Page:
Film Review: Unexpected Lessons for the Student of ‘Indignation’

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Average: 5 (1 vote)

CHICAGO – America was a very different place in 1951, and there are very few people around to tell us about it. That is why reminders of the more confining social order that existed back then is necessary, and is expressed in the film “Indignation.” This is an adaptation of a recent Philip Roth novel, and he was able to articulate the era.

HollywoodChicago.com Oscarman rating: 4.5/5.0
Rating: 4.5/5.0

The story is about mental health, but that theme lurks in the background rather than overtly exposed – much like all the hidden societies in 1951 America. It is presented through the stigmas that people put upon themselves while dealing with the tragedy of misunderstanding – whether it is in a undiagnosed bipolar condition or the forcing of religious philosophy upon another person because of a belief that it is the only dogma. This is a multi-textured and multi-layered film, with a cast that delivers these powerful themes with an anguish in having to teach and learn the harsh lessons.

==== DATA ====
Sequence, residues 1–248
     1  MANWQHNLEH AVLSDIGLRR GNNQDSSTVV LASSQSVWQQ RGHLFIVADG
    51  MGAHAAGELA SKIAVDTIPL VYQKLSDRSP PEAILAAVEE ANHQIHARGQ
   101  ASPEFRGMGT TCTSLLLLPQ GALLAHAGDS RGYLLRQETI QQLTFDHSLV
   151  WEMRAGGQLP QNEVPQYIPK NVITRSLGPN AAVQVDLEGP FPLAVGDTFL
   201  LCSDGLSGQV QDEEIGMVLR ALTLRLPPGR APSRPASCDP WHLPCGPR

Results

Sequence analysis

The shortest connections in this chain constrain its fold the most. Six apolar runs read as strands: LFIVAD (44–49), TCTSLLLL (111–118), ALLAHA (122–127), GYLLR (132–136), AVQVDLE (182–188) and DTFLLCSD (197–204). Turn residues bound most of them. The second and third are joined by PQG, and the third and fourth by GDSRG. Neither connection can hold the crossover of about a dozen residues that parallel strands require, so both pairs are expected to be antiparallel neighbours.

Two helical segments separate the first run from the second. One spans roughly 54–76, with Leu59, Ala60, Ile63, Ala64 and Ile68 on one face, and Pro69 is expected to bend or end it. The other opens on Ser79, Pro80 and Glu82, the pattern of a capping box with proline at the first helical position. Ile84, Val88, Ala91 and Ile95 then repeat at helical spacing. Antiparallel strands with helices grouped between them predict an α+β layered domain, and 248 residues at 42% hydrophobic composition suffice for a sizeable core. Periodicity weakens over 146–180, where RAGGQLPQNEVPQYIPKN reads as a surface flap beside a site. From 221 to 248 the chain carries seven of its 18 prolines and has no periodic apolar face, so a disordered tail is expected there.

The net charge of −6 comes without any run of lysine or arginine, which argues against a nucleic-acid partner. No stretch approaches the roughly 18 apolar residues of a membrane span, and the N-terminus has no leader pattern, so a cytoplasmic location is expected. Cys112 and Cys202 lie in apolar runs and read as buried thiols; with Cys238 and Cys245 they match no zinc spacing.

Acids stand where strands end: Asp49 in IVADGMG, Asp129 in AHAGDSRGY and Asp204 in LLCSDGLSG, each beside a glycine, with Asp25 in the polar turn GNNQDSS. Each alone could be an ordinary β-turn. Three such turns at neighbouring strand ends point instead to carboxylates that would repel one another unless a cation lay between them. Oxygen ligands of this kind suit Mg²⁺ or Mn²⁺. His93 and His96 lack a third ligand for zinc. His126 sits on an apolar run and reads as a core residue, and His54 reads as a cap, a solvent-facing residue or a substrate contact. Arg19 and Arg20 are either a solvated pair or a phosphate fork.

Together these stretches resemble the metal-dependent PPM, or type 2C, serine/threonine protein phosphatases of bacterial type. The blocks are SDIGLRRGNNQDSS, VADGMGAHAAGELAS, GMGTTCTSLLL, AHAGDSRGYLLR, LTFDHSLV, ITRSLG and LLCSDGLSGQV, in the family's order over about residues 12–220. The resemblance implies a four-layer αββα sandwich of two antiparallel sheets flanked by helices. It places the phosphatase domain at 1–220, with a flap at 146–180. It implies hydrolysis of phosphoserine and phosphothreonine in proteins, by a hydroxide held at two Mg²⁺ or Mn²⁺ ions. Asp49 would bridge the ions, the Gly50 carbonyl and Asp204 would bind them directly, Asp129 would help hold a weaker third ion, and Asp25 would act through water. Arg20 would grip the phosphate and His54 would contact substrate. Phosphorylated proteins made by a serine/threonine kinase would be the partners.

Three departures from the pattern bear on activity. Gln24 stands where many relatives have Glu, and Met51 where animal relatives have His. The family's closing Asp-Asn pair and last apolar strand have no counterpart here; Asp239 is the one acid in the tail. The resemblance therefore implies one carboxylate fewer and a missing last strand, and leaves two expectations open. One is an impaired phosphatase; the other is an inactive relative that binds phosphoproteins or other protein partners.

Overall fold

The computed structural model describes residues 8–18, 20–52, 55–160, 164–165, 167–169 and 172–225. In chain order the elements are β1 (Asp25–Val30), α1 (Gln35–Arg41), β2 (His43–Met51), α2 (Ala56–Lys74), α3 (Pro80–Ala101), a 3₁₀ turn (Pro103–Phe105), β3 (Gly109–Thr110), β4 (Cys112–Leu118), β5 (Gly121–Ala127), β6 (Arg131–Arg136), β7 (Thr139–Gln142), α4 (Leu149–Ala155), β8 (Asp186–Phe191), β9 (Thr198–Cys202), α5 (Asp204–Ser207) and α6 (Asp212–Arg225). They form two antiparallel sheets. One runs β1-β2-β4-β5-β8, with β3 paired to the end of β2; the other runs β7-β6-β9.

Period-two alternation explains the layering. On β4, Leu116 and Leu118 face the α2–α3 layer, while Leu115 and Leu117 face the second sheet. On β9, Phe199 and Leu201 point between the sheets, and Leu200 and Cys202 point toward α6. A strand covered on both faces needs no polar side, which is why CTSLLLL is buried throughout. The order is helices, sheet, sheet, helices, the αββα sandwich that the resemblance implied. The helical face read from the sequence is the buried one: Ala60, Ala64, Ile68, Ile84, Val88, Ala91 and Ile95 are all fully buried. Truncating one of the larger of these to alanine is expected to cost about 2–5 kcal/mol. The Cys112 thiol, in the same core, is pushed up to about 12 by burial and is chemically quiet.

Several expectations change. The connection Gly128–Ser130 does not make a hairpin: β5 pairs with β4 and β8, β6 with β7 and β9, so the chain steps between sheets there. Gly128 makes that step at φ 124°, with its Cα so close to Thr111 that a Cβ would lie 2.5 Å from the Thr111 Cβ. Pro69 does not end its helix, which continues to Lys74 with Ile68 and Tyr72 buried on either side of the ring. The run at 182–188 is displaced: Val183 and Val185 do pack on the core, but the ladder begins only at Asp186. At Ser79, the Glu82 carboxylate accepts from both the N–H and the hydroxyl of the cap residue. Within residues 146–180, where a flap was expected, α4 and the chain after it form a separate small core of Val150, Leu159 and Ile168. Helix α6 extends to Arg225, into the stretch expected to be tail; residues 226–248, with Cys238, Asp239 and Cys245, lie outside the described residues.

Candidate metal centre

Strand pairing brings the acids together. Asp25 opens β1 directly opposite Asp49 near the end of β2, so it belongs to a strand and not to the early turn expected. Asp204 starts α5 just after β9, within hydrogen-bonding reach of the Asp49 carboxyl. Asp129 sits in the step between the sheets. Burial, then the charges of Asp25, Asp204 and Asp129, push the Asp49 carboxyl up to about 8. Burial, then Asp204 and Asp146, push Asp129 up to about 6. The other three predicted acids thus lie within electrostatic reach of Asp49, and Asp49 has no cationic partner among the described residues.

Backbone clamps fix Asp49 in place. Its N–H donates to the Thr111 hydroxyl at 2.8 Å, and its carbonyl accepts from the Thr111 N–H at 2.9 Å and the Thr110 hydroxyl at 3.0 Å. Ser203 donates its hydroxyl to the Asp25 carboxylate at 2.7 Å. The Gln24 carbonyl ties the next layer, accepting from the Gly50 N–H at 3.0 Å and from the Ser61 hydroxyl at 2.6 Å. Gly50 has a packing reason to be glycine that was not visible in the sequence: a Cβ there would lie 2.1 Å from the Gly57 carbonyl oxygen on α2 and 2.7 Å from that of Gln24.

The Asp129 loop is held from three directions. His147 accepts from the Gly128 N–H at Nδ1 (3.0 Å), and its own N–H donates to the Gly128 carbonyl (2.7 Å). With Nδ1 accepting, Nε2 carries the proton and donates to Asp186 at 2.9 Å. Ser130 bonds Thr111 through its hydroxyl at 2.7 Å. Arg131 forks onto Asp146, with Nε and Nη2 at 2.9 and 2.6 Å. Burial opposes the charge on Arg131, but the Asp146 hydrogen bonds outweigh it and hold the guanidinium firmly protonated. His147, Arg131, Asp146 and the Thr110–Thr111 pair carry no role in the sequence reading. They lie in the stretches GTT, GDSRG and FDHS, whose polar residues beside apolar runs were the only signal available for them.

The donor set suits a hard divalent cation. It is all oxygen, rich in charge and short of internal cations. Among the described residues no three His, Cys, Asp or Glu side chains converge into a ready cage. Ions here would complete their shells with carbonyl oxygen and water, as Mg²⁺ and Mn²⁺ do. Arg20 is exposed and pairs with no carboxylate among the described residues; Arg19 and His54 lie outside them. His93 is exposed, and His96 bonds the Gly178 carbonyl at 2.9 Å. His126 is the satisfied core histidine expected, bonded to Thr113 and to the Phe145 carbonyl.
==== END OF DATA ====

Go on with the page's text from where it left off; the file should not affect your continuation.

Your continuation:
Marcus is a highly intelligent striver in a middle class Jewish family in 1951. His father (Danny Burstein) is a butcher, and is showing signs of unhinging as his son leaves for college, which distresses his mother (Linda Emond). The Ohio school is serving two purposes for Marcus – it is giving him his long desired education, and is deferring his draft into the Korean War.

The transition of Marcus at the school is awkward. The curriculum includes mandatory Christian chapel once a week, and he meets a girl named Olivia (Sarah Gadon), who provides generous – for the time – sexual favors early in their courtship. This leads to a confrontation with the college dean (Tracy Letts), and lessons in decision-making that threatens Marcus and his new life.


“Indignation” opened in Chicago, continuing its limited release. See local listings for theaters and show times. Featuring Logan Lerman, Sarah Gadon, Danny Burstein, Linda Emond and Tracy Letts. Screenplay adapted and directed by James Schamus. Rated “R”

StarContinue reading for Patrick McDonald’s full review of “Indignation”

Indig 1
Olivia (Sarah Gadon) and Marcus (Logan Lerman) Teach Each Other in ‘Indignation’
Photo credit: Summit Entertainment.

StarContinue reading for Patrick McDonald’s full review of “Indignation”

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